The Oddones deserve praise for having undertaken so successfully a pioneer study of how the various disciplines were taught at the University of Montevideo from 1849 to 1885. What they have written is a substantial contribution to the intellectual history of Uruguay. This is not to say that the development of the organization and administration of the University are ignored. Ample attention is given to the effects of political instability, governmental indifference, and an impoverished state treasury on the courses of instruction, enrollment, the availability of laboratory equipment, and the existence and internal government of the University itself. Why the University was relieved of its role in elementary and secondary education and why the concept of education as a state monopoly lost its ascendancy are also stressed.

Once they have disposed of the problems and accomplishments of the different rectorados, the authors analyze the methodological evolution within each discipline offered in the three centers of the University—the Preparatory Section, the Faculty of Law, and the Faculty of Medicine—and the philosophy, political principles, pedagogical methods, and sources of inspiration of each professor. Until the 1870s, for example, science instructors emphasized theory and memorization and conducted no class experiments for lack of equipment. Professors of civil law, which included commercial and natural law, also stressed memory. When it was established in 1876, the Faculty of Medicine was staffed essentially by foreign doctors, who obtained the equipment necessary for experiments. Native doctors eventually filled all the teaching positions.

A wide variety of philosophical ideas based on foreign works permeated teaching in the Faculty of Law. This was possible in part because the average professor taught for only about four years and in part because the rising middle class from which the professors came was seeking its own set of values. The intellectual pace lagged far behind that of Europe, for scholasticism in philosophy was just giving way to “eclectic spiritualism” when positivism was already triumphant in France. Indeed, rationalism and positivism were not widely accepted in the University until 1870 and 1880, respectively.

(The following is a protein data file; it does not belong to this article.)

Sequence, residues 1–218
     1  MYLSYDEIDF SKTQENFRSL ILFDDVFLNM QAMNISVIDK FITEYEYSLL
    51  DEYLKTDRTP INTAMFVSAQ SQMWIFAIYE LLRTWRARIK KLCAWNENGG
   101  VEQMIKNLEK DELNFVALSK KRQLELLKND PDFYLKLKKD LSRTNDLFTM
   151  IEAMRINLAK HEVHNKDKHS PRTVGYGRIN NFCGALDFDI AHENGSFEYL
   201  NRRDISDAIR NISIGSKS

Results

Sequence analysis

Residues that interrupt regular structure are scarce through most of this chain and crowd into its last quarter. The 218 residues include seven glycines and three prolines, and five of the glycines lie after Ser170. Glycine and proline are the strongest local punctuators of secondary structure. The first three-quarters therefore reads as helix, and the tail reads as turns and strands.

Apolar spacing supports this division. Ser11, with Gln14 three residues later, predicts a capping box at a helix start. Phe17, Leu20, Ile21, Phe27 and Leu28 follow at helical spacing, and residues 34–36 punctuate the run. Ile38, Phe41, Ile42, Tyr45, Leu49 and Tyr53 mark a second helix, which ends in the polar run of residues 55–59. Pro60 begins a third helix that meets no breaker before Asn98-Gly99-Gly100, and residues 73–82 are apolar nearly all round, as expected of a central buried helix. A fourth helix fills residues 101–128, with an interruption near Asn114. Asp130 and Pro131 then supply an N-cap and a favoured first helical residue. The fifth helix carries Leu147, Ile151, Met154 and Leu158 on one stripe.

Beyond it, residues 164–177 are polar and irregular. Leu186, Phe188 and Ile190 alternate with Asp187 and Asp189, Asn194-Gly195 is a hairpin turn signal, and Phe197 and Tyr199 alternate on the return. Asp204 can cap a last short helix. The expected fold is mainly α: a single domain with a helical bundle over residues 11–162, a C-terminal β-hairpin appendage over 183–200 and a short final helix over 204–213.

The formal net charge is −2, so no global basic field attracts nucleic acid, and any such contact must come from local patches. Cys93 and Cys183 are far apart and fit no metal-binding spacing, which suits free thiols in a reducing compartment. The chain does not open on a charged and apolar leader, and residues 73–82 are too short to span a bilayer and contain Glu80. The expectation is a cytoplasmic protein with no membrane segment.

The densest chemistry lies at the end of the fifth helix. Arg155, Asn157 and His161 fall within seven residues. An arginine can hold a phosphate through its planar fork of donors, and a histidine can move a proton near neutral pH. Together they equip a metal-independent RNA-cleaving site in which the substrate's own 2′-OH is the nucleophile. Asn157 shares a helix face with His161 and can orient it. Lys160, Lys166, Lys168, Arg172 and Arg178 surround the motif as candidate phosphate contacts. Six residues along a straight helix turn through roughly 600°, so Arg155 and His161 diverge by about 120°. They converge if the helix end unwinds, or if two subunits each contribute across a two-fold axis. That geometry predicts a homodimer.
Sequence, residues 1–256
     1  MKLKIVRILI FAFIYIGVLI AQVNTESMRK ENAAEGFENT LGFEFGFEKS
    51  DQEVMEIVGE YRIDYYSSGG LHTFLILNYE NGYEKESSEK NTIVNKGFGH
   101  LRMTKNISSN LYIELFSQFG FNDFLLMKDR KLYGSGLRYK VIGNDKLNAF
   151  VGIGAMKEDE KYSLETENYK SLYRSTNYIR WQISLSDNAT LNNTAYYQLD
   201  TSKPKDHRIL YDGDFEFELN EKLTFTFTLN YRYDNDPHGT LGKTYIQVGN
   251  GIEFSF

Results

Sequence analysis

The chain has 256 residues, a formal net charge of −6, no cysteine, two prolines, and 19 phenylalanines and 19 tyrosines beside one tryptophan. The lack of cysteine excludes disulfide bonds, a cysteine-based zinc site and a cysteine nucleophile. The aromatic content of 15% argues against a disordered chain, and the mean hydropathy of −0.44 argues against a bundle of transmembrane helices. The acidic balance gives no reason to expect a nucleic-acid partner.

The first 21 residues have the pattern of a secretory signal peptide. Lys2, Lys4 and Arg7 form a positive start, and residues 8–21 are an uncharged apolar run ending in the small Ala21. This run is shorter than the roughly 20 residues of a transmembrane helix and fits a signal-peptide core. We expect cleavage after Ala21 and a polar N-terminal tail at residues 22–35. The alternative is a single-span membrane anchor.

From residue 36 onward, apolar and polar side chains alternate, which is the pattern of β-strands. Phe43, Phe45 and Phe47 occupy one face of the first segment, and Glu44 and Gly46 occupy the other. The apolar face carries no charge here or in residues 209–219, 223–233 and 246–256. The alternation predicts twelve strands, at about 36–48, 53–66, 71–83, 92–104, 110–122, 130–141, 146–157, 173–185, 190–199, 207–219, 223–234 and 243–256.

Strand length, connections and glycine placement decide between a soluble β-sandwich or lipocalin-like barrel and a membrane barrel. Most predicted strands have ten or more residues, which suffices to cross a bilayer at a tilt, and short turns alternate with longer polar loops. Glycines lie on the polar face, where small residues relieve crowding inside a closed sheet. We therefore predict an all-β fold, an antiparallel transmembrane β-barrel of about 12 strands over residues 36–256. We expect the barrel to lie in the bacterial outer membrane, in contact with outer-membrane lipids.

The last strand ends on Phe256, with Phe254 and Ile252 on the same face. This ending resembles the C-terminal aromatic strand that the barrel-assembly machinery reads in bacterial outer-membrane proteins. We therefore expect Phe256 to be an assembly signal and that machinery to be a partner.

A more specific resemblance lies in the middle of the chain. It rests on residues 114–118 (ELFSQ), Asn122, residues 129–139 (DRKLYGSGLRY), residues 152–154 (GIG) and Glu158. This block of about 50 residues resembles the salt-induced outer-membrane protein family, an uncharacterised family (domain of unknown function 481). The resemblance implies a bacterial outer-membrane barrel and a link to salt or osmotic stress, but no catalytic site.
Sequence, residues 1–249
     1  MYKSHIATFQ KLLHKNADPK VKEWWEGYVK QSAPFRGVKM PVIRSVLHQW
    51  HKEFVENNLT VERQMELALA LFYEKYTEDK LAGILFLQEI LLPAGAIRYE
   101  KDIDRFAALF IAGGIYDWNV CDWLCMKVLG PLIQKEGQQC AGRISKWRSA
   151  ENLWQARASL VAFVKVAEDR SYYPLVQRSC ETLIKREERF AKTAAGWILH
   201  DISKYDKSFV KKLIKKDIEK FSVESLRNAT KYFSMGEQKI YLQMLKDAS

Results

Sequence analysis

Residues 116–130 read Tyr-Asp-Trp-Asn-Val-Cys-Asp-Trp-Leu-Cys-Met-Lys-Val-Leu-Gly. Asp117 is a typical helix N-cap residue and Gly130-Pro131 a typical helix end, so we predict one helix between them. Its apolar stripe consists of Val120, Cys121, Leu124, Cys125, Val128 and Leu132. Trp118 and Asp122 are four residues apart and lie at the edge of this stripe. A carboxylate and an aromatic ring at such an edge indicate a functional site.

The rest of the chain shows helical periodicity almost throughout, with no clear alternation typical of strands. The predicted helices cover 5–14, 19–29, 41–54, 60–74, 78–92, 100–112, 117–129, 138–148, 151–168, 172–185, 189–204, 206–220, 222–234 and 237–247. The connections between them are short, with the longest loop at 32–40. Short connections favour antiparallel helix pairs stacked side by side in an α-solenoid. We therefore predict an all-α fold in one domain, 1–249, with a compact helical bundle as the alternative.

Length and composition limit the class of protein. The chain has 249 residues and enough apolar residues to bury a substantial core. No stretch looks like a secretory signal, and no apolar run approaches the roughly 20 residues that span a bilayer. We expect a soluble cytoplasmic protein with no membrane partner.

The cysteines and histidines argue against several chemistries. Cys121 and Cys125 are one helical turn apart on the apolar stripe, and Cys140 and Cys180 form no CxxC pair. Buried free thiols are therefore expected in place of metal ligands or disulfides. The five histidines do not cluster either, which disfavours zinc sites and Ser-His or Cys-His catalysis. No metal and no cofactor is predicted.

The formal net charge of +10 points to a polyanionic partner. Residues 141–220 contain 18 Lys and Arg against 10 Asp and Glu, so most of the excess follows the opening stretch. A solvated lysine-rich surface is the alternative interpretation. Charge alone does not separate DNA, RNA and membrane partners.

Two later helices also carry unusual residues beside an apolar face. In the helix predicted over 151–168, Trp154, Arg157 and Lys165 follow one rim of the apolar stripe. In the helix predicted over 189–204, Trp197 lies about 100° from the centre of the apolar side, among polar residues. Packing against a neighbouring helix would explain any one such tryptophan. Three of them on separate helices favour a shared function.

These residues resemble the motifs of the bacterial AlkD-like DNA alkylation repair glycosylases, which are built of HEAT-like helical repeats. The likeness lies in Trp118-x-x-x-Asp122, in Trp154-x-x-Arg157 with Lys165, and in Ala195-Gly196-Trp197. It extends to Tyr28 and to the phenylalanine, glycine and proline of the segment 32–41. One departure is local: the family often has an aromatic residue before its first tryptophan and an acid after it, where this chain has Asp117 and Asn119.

The changes in ideological orientation are clearer in economics, international law, and constitutional law. At first the emphasis in economics was on ultraliberal Italian economic thought, but there was a shift in 1865 to classical economics and anti-utilitarianism. In 1872 economic nationalism colored by the American liberal tradition began to predominate, and economists concentrated on the socio-economic development of Uruguay. Instruction in international relations passed through three distinct phases: a classical orientation, a tolerant rationalism influenced by spiritualism, and Darwinian evolution and positivism. Irrespective of their particular philosophy, all instructors quickly came to grips with the problems of democracy and America. Constitutional law, included in economics since 1861, had its own professor in 1871, and his lectures sounded like those of a doctrinaire French liberal of 1830 as modified by Story, Kent, and others. His successor was a “metaphysical spiritualist” and a virulent critic of positivism who used Story, Stuart Mill, and The Federalist. He was followed by a convert to Chilean positivism.

The data the authors have collected, incomplete as it may be, suggests that some historical revisions are in order. The value and usefulness of the book for scholars is further enhanced by appendices of substantiating documents and enrollment statistics, an extensive bibliography, and an excellent index. This reviewer eagerly looks forward to the announced second volume, in which the Oddones will carry the story of the University down to 1908.